Decimation of frog populations may result from fungus disease spread initially by the international amphibian trade

Decimation of frog populations may result from fungus disease spread initially by the international amphibian trade

Prior posts have noted the decline in the frog population in California, among other locales worldwide. As with colony collapse disorder of honeybees, there have been numerous theses regarding the cause. Researchers now propose that the fungus Batrachochytrium dendrobatis ("Bd") is the cause.

South African clawed frogs (Xenopus laevis) were once used for pregnancy tests. In California, some either escaped or were released, and these frogs are now deemed an invasive species. It has been known for some time that X. laevis is a subclinical carrier of Bd. [Subclinical means the asymptomatic (without apparent sign of disease) carrying of an infectous agent (such as a microbe, fungus, intestinal parasite, or virus).] Researchers sought to ascertain if X. laevis could be infecting native species with Bd.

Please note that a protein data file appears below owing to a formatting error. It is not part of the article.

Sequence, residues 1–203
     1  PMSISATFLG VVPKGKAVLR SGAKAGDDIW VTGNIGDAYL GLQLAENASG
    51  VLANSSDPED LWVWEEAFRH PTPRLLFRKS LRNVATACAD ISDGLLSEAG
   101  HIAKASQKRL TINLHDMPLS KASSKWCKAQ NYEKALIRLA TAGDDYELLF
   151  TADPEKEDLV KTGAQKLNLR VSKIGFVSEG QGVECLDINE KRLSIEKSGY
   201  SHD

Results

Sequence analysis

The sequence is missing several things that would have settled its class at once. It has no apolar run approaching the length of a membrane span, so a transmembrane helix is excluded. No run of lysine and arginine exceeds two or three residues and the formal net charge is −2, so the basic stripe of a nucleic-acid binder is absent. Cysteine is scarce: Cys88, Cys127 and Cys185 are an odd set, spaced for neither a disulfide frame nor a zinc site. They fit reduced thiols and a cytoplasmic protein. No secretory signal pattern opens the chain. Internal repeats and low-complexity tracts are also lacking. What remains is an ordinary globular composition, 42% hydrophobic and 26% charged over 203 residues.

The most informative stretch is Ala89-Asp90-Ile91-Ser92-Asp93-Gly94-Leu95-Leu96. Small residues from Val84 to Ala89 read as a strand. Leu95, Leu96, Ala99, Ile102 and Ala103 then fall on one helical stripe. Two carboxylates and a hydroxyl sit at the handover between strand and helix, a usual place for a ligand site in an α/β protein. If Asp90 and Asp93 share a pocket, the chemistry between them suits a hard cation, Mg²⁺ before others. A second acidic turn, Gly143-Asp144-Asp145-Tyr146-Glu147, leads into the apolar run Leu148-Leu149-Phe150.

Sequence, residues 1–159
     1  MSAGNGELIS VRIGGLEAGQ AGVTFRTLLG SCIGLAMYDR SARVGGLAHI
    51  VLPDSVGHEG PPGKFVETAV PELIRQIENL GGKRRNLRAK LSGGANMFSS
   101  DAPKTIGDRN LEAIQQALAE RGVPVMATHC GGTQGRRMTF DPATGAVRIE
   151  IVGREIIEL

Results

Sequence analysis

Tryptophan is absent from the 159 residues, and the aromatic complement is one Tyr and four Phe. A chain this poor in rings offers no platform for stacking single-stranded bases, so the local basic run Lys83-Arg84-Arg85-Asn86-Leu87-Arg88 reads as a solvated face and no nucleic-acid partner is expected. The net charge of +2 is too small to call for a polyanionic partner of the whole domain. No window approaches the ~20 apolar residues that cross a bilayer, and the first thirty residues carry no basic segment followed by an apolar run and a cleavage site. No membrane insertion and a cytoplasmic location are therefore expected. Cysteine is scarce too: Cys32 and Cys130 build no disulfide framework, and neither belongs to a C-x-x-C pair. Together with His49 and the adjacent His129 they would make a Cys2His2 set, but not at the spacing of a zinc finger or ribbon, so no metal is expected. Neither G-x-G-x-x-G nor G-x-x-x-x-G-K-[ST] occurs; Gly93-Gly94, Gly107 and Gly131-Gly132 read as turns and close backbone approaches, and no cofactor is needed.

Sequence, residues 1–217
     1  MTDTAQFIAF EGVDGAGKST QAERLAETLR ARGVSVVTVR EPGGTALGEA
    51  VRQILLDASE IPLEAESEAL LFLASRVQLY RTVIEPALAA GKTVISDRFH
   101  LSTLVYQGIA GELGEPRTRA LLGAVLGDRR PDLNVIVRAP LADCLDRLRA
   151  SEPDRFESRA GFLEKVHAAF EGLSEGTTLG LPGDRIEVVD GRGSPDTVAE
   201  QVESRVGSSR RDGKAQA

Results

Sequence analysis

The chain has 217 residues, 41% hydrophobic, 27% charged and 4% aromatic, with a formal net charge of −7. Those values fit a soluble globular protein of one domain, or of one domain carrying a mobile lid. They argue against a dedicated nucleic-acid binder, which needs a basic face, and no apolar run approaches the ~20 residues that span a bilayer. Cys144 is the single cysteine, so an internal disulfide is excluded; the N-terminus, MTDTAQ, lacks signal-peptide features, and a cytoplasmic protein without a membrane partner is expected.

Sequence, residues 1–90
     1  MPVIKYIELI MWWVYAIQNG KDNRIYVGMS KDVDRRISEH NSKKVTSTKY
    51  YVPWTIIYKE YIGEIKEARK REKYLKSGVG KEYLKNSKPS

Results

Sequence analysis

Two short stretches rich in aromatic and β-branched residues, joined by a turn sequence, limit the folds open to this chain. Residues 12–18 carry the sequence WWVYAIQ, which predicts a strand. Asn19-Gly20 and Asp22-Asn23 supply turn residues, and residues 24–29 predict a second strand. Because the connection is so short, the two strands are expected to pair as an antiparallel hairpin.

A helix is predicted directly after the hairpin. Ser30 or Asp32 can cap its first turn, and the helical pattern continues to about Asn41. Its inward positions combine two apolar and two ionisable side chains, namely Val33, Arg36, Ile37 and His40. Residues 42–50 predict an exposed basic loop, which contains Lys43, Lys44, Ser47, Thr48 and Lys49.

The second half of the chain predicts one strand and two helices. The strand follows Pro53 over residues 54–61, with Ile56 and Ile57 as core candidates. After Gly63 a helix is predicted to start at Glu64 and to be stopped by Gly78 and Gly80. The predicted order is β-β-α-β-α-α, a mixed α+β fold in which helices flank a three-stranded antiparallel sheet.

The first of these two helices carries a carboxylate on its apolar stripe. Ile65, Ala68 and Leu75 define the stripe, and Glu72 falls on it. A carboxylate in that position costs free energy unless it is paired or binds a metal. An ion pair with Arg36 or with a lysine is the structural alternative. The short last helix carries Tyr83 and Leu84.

The historical presence of Bd in the indigenous African population of X. laevis is well documented. However, there are no reports documenting the presence of Bd in wild X. laevis populations in the U.S., particularly in California where "introduced" populations are well-established. To examine if this "common knowledge" was correct, researchers assessed178 archived specimens of 6 species of X. laevis collected in Africa from 1871-2000 and 23 archived specimens (all wild-caught Xenopus laevis) collected in California, between 2001 and 2010.

The overall prevalence rate of Bd in the tested X. laevis was 2.8%. The earliest positive specimen was X. borealis collected in Kenya in 1934. The overall prevalence of Bd in the X. laevis collected in California was 13% with 2 positive specimens from 2001 (collected in San Diego) and one positive specimen from 2003 (collected in the lily pond next to San Francisco's Golden Gate Park). Unfortunately, due to California's budget problems, efforts by the California Department of Fish & Game to kill the X. laevis frogs present in the lily pond and eliminate the fungus have ceased.

The results would thus appear to support the thesis that Bd infected wild X. laevis frogs are present in California, and that Bd may help explain the demise of frog populations not only in California, but elsewhere due to the international live amphibian trade.

The research can be found at: http://www.plosone.org/article/info%3Adoi%2F10.1371%2Fjournal.pone.0063791. A newspaper story on the issue can be found at http://www.sfchronicle.com/science/article/African-frogs-tied-to-U-S-frog-die-off-4529835.php.